For nearly five decades, Colombia has been embroiled in internal armed conflict among guerrilla groups, paramilitary militias, and the country's own armed forces. Civilians in Colombia face a range of abuses from all sides, including killings, disappearances an'd rape-and more than four million have been forced to flee their homes. The oral histories in Throwing Stones at the Moon describe the most widespread consequence of Colombia's human rights crisis: forced displacement. Narrators recount life before displacement, the reasons for their flight, and their struggle to rebuild their lives. Among the narrators:
|Series:||Voice of Witness|
|Product dimensions:||5.50(w) x 8.20(h) x 1.10(d)|
About the Author
Sibylla Brodzinsky has spent more than twenty years writing about Latin American politics, human rights, and social issues. She is a freelance journalist in Colombia, contributing regularly to The Economist, The Christian Science Monitor, and The Guardian.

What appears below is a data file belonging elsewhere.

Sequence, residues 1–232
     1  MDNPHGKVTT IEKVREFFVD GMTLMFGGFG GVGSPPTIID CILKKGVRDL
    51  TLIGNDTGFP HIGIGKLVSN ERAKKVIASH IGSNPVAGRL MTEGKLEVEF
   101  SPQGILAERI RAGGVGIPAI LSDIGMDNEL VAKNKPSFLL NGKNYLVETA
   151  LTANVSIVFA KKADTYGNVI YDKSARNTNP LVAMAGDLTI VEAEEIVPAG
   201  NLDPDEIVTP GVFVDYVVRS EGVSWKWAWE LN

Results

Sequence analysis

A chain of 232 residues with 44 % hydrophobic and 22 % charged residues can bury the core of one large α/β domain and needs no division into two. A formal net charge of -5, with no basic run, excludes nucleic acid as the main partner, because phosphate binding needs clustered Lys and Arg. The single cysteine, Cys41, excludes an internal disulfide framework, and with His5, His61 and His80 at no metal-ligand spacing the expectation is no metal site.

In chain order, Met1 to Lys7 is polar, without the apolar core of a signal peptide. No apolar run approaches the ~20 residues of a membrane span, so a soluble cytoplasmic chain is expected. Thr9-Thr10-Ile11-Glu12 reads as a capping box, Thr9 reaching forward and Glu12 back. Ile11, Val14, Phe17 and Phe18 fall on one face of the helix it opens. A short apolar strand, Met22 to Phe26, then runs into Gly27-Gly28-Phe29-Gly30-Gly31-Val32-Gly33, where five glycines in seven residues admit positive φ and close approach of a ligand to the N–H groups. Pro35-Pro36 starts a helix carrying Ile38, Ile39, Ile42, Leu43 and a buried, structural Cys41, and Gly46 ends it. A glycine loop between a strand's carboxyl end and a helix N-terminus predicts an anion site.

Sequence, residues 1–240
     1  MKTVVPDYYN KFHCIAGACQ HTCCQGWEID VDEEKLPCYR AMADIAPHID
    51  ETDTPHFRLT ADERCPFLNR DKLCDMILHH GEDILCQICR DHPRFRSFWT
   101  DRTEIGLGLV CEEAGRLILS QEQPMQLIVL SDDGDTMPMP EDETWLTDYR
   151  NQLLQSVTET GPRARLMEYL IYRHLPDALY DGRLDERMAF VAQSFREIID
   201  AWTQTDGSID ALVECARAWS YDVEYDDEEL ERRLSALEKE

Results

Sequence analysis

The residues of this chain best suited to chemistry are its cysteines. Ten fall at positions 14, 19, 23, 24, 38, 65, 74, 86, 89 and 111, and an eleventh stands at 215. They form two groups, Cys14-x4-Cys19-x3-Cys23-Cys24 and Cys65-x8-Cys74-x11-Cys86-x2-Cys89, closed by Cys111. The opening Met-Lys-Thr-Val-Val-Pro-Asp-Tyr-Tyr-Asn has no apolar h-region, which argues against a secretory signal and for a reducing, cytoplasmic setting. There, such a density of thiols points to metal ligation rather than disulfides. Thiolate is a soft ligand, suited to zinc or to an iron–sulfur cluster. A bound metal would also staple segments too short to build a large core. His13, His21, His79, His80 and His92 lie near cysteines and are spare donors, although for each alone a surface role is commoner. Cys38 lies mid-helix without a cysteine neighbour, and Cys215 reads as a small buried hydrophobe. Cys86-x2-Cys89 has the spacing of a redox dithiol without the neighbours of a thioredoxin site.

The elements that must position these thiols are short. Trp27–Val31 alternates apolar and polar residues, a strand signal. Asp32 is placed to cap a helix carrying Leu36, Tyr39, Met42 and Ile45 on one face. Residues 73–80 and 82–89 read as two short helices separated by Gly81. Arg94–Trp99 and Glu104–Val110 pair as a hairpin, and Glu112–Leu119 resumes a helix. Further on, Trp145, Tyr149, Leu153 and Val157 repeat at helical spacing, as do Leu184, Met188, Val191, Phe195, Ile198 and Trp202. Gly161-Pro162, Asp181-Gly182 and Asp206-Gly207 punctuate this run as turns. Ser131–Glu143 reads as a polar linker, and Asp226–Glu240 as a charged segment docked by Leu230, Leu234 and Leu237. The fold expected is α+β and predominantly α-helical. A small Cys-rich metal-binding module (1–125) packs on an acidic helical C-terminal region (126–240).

Max Schoening is a researcher and writer on human rights in Colombia. He contributed research to Violentology: A Manual of the Colombian Conflict, a forthcoming photography book documenting the history of the Colombian conflict by Stephen Ferry.
Most Helpful Customer Reviews
Wonderful but haunting stories This book is wonderfully researched, full of individual traumas that we cannot comprehend here in the US. This book, in conjunction with President Uribe's book, puts the Colombian conflict and the necessary policy responses into context. One comes away with admiration for the daily courage that Colombians had to exhibit through the bad years. I highly recommend this book just for the stories of overcoming daily tragedy and also for those wanting a better understanding of the Colombian experience.